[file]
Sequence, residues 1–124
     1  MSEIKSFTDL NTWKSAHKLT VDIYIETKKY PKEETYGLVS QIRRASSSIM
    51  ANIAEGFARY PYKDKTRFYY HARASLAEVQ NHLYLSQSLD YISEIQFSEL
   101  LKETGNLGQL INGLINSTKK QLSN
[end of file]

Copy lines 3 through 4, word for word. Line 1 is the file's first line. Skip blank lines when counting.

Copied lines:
    51  ANIAEGFARY PYKDKTRFYY HARASLAEVQ NHLYLSQSLD YISEIQFSEL
   101  LKETGNLGQL INGLINSTKK QLSN